The Carson U.S. Pat. No. 5,406,684 discloses a sanitary surgical blade removal instrument for removing a disposable blade from the handle of a surgical tool. The instrument consists of a piece of sheet metal bent at a C-shaped flexible fold to produce an upper portion and a lower portion which extend generally parallel to one another. The upper and lower portions of the sheet metal form the upper and lower portions of a blade gripping and flexing end and the upper and lower portions of a handle end. To use the blade removal instrument, the surgical tool is inserted into the removal instrument so that the neck of the surgical tool rests within a lower notch in a lower ridge of the lower portion of the removal instrument such that the lower ridge on either side of the lower notch engages the underneath side of the disposable blade. The user squeezes the upper and lower portions of the handle of the removal instrument, keeping his hand at a safe distance from the sharp contaminated blade. The handle of the surgical tool may then be pulled away from the blade while the blade remains securely gripped in the gripping section of the removal instrument. The blade may then be disposed of safely with the hand of the user safely positioned on the handle of the instrument, away from the contaminated sharp blade. Finally, the removal instrument may be sterilized so the removal instrument may be reused.
Many of these prior art patents and devices suffer because they require two hands of the user during the critical time that the blade is separated from the handle. This is quite dangerous because of the risk of cutting and/or infection. Further, if the surgeon is wearing surgical gloves, it is very possible that one of the surgeon's gloves can become torn or contaminated during removal of the blade when both hands are necessarily involved.
Another problem of many prior art devices is that they require the actuation of a separate button or activator in order to remove the blade. This is dangerous because it requires the surgeon to apply an unknown amount of pressure in order to separate the knife from the handle. This is especially dangerous in situations where the blade is hidden from the surgeon's view when the surgeon applies pressure in order to hopefully disengage the blade from the handle.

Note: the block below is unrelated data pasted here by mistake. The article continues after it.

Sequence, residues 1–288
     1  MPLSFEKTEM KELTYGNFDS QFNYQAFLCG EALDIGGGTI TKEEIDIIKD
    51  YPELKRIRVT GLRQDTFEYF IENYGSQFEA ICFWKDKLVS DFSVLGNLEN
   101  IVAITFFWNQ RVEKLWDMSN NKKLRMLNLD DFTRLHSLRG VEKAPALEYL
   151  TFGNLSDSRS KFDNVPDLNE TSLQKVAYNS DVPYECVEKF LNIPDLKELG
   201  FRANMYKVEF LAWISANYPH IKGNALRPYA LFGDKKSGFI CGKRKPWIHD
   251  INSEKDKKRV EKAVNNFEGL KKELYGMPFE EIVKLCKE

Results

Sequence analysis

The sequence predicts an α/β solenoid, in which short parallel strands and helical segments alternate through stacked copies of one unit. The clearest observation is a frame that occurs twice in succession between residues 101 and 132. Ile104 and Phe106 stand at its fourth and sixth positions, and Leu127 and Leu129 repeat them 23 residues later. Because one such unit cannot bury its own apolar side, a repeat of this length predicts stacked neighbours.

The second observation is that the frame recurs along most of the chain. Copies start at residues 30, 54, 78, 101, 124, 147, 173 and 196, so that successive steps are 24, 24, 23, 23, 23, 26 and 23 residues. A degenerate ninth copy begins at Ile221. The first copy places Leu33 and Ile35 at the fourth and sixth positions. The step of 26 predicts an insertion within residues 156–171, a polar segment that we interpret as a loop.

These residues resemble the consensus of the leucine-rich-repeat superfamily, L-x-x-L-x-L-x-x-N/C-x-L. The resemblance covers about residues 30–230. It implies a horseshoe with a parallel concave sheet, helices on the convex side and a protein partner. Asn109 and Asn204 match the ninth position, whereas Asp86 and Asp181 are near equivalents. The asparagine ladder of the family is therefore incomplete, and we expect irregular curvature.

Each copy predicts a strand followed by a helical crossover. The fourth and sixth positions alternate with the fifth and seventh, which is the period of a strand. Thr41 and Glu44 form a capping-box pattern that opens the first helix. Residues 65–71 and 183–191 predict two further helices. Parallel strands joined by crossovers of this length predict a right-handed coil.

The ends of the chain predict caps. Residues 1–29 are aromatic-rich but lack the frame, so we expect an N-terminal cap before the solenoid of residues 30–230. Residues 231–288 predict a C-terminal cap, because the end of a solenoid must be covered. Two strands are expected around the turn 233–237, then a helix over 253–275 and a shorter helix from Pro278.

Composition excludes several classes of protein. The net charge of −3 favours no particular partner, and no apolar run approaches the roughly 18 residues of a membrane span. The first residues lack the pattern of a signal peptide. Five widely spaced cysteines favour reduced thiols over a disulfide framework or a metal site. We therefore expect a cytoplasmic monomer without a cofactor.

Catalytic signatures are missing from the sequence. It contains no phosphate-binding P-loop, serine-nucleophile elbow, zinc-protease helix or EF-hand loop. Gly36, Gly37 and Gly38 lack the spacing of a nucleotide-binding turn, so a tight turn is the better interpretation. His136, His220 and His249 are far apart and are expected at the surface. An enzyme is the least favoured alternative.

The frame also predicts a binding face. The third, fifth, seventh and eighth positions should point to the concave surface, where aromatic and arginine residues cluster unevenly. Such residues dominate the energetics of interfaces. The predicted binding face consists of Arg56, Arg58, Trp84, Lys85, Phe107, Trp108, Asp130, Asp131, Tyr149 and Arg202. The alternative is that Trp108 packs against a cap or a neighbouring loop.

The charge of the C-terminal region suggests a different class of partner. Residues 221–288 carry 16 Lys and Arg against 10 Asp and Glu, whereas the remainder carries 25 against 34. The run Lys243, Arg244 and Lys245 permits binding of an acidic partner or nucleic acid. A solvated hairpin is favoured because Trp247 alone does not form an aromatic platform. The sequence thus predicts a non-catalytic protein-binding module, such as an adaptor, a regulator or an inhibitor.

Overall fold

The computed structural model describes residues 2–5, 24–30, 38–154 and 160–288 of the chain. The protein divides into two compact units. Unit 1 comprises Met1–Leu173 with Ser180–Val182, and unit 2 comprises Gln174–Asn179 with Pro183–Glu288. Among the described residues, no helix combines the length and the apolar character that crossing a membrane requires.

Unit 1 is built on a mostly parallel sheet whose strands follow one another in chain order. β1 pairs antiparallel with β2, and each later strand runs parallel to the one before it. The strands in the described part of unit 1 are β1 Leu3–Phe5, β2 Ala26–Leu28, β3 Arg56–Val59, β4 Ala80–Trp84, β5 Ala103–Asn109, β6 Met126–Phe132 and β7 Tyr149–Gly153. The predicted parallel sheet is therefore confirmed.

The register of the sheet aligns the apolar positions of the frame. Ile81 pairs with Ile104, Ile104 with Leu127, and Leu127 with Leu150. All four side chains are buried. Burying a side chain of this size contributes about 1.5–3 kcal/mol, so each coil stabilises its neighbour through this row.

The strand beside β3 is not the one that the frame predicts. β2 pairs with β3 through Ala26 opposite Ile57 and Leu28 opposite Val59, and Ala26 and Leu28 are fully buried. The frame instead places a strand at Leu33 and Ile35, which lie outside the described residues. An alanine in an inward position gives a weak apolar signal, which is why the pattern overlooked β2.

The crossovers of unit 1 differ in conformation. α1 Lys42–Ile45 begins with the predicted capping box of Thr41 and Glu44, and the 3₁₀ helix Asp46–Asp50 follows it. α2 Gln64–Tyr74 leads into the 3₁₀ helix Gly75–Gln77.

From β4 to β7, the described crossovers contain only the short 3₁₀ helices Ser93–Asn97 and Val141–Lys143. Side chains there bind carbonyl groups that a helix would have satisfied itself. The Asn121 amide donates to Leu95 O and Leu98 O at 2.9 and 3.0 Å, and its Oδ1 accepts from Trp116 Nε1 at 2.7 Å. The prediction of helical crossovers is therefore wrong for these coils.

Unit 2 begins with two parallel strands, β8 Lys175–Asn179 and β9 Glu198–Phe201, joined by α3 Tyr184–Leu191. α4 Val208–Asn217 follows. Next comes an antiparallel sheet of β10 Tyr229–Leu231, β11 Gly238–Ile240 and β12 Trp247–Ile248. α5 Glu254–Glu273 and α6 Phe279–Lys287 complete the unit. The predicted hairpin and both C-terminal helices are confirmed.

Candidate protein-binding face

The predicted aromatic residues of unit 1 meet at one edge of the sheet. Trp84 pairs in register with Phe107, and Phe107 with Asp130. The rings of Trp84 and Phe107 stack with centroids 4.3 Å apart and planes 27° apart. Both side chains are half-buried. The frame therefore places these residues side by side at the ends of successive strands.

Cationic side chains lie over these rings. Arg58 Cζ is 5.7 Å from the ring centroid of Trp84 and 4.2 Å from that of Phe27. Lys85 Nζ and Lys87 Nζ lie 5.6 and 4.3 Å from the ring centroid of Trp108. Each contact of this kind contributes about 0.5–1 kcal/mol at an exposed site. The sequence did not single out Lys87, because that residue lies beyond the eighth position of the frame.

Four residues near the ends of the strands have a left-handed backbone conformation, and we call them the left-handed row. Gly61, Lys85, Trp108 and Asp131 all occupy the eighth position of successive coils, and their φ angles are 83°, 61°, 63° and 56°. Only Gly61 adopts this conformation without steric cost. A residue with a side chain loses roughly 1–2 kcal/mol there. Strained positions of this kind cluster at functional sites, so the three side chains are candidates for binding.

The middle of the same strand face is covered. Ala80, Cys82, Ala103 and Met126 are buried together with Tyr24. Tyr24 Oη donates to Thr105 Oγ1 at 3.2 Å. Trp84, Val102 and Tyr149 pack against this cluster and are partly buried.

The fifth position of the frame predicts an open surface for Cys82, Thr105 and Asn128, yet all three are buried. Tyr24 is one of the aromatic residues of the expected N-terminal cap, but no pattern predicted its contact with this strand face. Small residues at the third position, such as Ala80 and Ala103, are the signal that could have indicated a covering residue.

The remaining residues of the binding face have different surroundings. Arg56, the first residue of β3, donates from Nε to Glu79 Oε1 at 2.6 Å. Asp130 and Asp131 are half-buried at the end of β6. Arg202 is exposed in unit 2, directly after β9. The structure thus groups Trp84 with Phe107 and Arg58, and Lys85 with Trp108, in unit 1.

Other types of prior art devices for separating a surgical scalpel blade from its handle require that the user twist or bend the scalpel handle as part of the removal operation. This is awkward and potentially dangerous because the user does not know how far to bend the blade in order to properly disengage the scalpel blade from the handle.
The present invention solves these prior art problems and shortcomings by providing a method and apparatus for removing a scalpel blade from a scalpel handle wherein the user is only required to use one hand. Further, the present invention provides a scalpel blade removing apparatus that requires no bending or twisting of the handle by the user. With the present invention, the user simply pushes the blade and its handle into a receptacle along a linear path until it stops and then pulls the handle back from the blade along the exact same linear path. This produces a very simple in and out travel path for the handle that can be easily tracked by any user. Because the scalpel blade moves along the same path during insertion and removal, very little risk occurs that the surgeon will improperly disengage the blade from the handle or ineffectively disengage the blade from the handle.